Two North Dakota higher education
administrators who resigned last year under fire remained on the payroll
through June 30, doing little work but costing taxpayers more than $450,000.
Former Chancellor Robert Potts did no work while serving as
a consultant to the North Dakota University System for 11 months. He earned
$224,750 in compensation.
The Board of Higher Education and the university system
office did not ask Potts for consulting.
“From my point of view, I felt Chancellor (Eddie) Dunn
was providing all the administrative services that we needed,” board
President John Q. Paulsen said.
Sharon Hart, former president of the North Dakota State
College of Science in Wahpeton, earned nearly $150,000 in salary and benefits
in 9 1/2 months while working from home in a new position. Hart also will be
paid a lump sum of about $80,000 this week for six months’ salary and benefits,
per terms of her exit agreement.
As interim executive director of the Career and Technical
Education Council, Hart completed some of her assignments but did not complete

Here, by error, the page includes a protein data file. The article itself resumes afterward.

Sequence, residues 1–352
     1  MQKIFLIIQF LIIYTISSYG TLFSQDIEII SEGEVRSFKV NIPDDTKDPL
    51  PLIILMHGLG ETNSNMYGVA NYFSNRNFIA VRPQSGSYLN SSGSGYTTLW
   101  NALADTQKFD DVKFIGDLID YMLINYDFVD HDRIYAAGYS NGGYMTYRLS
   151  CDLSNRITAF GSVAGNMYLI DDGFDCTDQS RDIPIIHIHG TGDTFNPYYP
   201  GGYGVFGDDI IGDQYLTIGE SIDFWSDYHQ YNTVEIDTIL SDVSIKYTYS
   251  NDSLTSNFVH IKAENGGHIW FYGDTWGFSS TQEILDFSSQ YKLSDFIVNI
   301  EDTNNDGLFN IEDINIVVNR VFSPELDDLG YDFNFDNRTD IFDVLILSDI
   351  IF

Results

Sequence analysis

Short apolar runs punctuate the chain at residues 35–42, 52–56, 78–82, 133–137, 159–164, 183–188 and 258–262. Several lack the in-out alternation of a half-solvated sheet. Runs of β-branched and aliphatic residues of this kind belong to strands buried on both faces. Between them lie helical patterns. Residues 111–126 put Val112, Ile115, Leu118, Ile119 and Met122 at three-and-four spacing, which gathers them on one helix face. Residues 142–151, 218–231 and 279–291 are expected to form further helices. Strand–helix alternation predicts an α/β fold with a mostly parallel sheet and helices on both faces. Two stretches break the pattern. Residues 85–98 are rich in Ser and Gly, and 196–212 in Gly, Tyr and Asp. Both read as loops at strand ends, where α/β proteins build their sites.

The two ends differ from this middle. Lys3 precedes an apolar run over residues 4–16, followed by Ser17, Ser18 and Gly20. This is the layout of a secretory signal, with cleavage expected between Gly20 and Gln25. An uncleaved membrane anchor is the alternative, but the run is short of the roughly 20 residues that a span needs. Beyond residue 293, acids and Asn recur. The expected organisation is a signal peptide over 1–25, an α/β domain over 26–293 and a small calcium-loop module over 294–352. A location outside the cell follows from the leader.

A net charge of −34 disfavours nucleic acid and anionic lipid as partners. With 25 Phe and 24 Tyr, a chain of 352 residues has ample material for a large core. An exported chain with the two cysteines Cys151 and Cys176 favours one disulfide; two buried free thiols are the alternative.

her goal of grant-writing, according to her employee evaluation. Hart declined
Sen. Joel Heitkamp, D-Hankinson, said he is not surprised
that Potts and Hart did not do more work.
“Everybody knew when these things happened that really
what they were were buyouts,” he said.
Hart resigned in September after faculty gave her a
no-confidence vote and the school’s Alumni Foundation gathered signatures from
462 people who supported her resignation.
Potts resigned in August because of disagreements with some
Board of Higher Education members over his authority as the system’s top
Information from: The Forum, http://www.in-forum.com
– Associated Press
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